25. Werner H, Hakeberg M, Dahlström L, Eriksson M, Sjögren P4, Strandell A, Svanberg T, Svensson L, Wide Boman U. Psychological Interventions for Poor Oral Health: A Systematic Review. J Dent Res. 2016;95(5):506–14. doi:10.1177/0022034516628506.

  26. Newton T. Psychological models of behaviour change and oral hygiene behaviour in individuals with periodontitis: a call for more and better trials of interventions. J Clin Periodontol. 2010;37:910–1.

    Article  PubMed  Google Scholar 

  27. Reisine S, Litt M, Tinanoff N. A biopsychosocial model to predict caries in preschool children. Pediatr Dent. 1994;16(6):413–8.

    PubMed  Google Scholar 

  28. Astrøm AN, Rise J. Analysis of adolescents’ beliefs about the outcome of using dental floss and drinking non-sugared mineral water. Community Dent Oral Epidemiol. 1996;24(3):211–6.

    Article  PubMed  Google Scholar 

  29. Astrøm AN, Awadia AK, Bjorvatn K. Perceptions of susceptibility to oral health hazards: a study of women in different cultures. Community Dent Oral Epidemiol. 1999;27(4):268–74.

    Article  PubMed  Google Scholar 

  30. Roberts BP, Blinkhorn AS, Duxbury JT. The power of children over adults when obtaining sweet snacks. Int J Paediatr Dent. 2003;13(2):76–84.

    Article  PubMed  Google Scholar 

  31. Adair PM, Pine CM, Burnside G, Nicoll AD, Gillett A, Anwar S, Broukal Z, Chestnutt IG, Declerck D, Ping FX, et al. Familial and cultural perceptions and beliefs of oral hygiene and dietary practices among ethnically and socio-economically diverse groups. Community Dent Health. 2004;21(1 Suppl):102–11.

    PubMed  Google Scholar 

  32. Astrøm AN. Validity of cognitive predictors of adolescent sugar snack consumption. Am J Health Behav. 2004;28(2):112–21.

    Article  PubMed  Google Scholar 

  33. Astrøm AN, Okullo I. Temporal stability of the theory of planned behavior: a prospective analysis of sugar consumption among Ugandan adolescents. Community Dent Oral Epidemiol. 2004;32(6):426–34.

    Article  PubMed  Google Scholar 

  34. Skeie MS, Riordan PJ, Klock KS, Espelid I. Parental risk attitudes and caries-related behaviours among immigrant and western native children in Oslo. Community Dent Oral Epidemiol. 2006;34(2):103–13.

    Article  PubMed  Google Scholar 

  35. Astrøm AN, Kiwanuka SN. Examining intention to control preschool children's sugar snacking: a study of carers in Uganda. Int J Paediatr Dent. 2006;16(1):10–8.

    Article  PubMed  Google Scholar 

  36. Vanagas G, Milasauskiene Z, Grabauskas V, Mickeviciene A. Associations between parental skills and their attitudes toward importance to develop good oral hygiene skills in their children. Medicina (Kaunas). 2009;5(9):718–23.

    Google Scholar 

  37. Tolvanen M, Lahti S, Poutanen R, Seppä L, Pohjola V, Hausen H. Changes in children's oral health-related behavior, knowledge and attitudes during a 3.4-yr randomized clinical trial and oral health-promotion program. Eur J Oral Sci. 2009;117(4):390–7.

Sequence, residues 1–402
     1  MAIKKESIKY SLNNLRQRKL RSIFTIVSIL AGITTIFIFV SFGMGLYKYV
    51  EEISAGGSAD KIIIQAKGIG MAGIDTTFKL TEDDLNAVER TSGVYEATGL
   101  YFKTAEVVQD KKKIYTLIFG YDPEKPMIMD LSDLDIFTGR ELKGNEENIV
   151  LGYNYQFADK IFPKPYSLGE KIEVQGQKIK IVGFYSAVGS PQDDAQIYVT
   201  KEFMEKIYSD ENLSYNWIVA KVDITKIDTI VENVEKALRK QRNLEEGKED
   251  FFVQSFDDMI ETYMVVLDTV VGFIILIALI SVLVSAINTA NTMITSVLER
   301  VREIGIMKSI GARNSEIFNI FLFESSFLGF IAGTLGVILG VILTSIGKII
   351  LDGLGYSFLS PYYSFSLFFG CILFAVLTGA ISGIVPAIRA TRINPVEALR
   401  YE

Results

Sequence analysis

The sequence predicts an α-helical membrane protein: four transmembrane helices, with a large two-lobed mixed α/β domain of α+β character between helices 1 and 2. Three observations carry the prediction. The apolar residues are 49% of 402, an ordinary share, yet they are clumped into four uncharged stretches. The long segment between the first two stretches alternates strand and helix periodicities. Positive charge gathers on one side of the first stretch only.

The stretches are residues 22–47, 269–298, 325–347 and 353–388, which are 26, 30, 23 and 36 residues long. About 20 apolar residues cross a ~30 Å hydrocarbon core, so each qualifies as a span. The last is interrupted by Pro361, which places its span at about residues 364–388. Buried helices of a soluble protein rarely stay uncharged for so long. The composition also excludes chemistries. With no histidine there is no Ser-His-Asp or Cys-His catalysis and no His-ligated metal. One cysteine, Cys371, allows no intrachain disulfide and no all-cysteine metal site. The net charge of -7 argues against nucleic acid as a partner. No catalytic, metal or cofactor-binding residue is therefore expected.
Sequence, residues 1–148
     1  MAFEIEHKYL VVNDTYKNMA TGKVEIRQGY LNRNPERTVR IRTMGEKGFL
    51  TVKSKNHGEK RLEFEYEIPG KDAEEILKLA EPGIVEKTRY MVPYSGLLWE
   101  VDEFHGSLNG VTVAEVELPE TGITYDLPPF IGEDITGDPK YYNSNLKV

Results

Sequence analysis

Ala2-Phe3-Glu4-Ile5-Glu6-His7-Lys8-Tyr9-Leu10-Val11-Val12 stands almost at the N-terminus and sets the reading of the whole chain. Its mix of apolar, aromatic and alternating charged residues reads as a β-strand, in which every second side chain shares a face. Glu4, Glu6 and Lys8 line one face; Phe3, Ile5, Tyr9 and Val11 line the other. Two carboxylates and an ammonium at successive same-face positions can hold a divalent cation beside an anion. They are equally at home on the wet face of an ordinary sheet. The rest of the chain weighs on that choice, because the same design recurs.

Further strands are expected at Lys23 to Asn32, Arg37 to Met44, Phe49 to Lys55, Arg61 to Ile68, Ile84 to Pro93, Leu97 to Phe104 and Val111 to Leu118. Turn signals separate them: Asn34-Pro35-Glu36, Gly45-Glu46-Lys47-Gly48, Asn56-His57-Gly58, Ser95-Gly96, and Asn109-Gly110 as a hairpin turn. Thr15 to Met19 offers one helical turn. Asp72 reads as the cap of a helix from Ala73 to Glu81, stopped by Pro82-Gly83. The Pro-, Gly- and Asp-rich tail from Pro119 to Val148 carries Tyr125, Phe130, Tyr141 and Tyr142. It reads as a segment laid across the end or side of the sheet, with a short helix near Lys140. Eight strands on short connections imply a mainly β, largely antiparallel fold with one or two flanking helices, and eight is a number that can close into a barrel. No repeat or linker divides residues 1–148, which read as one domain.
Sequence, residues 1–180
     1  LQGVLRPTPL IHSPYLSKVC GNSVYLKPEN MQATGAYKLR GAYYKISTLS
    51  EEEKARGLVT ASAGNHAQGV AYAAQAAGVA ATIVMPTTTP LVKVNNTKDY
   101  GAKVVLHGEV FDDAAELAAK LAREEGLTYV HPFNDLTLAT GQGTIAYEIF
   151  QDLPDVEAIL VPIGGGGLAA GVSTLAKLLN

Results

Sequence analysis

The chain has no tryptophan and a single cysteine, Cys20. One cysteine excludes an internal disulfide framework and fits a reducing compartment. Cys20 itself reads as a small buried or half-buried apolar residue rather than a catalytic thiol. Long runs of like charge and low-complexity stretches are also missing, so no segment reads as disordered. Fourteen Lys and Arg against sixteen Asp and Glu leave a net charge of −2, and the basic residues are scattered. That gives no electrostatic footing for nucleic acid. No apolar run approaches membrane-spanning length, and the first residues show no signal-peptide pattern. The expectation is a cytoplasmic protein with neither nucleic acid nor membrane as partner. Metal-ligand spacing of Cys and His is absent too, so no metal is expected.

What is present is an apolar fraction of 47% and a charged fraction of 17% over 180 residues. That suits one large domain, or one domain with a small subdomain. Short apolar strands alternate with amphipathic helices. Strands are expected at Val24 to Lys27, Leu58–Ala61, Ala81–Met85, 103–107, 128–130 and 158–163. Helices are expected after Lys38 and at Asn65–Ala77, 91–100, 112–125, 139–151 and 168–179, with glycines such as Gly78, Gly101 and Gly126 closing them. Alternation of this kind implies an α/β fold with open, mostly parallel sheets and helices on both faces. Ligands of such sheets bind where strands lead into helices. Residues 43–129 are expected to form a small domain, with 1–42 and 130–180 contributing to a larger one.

Article  PubMed  Google Scholar 

  38. Weber-Gasparoni K, Reeve J, Ghosheh N, Warren JJ, Drake DR, Kramer KW, Dawson DV. An effective psychoeducational intervention for early childhood caries prevention: part 1. Pediatr Dent. 2013;35(3):241–6.

    PubMed  PubMed Central  Google Scholar 

  39. Weber-Gasparoni K, Reeve J, Ghosheh N, Warren JJ, Drake DR, Kramer KW, Dawson DV. An effective psychoeducational intervention for early childhood caries prevention: part 2. Pediatr Dent. 2013;35(3):247–51.

    PubMed  PubMed Central  Google Scholar 

Download references


The authors also wish to thank Professor Blanaid Daly, at Trinity College Dublin for her comments on the review.


This study was funded by Ministry of Health, Oman as a part of the first author’s PhD Studies. The funder had no role in study design, data collection and analysis, decision to publish, or preparation of the manuscript.

Availability of data and materials

Not applicable.

Author information

Authors and Affiliations



ARS, KA and JTN contributed to conception and design of the study. ARS, KA and JTN contributed to acquisition, analysis, or interpretation of the data. ARS drafted the manuscript. KA and JTN critically revised the manuscript. ARS, KA and JTN gave final approval. ARS, KA and JTN agree to be accountable for all aspects of work ensuring integrity and accuracy. All authors read and approved the final manuscript.

Corresponding author

Correspondence to Said Hartih Al Rawahi.

Ethics declarations

Ethics approval and consent to participate

Not applicable.

Consent for publication

Not applicable.

Competing interests

The authors declare that they have no competing interests.

Publisher’s Note

Springer Nature remains neutral with regard to jurisdictional claims in published maps and institutional affiliations.

Additional file

Additional file 1:

Keywords search strategy. (DOCX 123 kb)

Rights and permissions

Open Access This article is distributed under the terms of the Creative Commons Attribution 4.0 International License (, which permits unrestricted use, distribution, and reproduction in any medium, provided you give appropriate credit to the original author(s) and the source, provide a link to the Creative Commons license, and indicate if changes were made. The Creative Commons Public Domain Dedication waiver ( applies to the data made available in this article, unless otherwise stated.

Reprints and permissions

About this article

Check for updates. Verify currency and authenticity via CrossMark

Cite this article

Al Rawahi, S.H., Asimakopoulou, K. & Newton, J.T. Theory based interventions for caries related sugar intake in adults: systematic review. BMC Psychol 5, 25 (2017).

Download citation

  • Received:

  • Accepted:

  • Published:

  • DOI: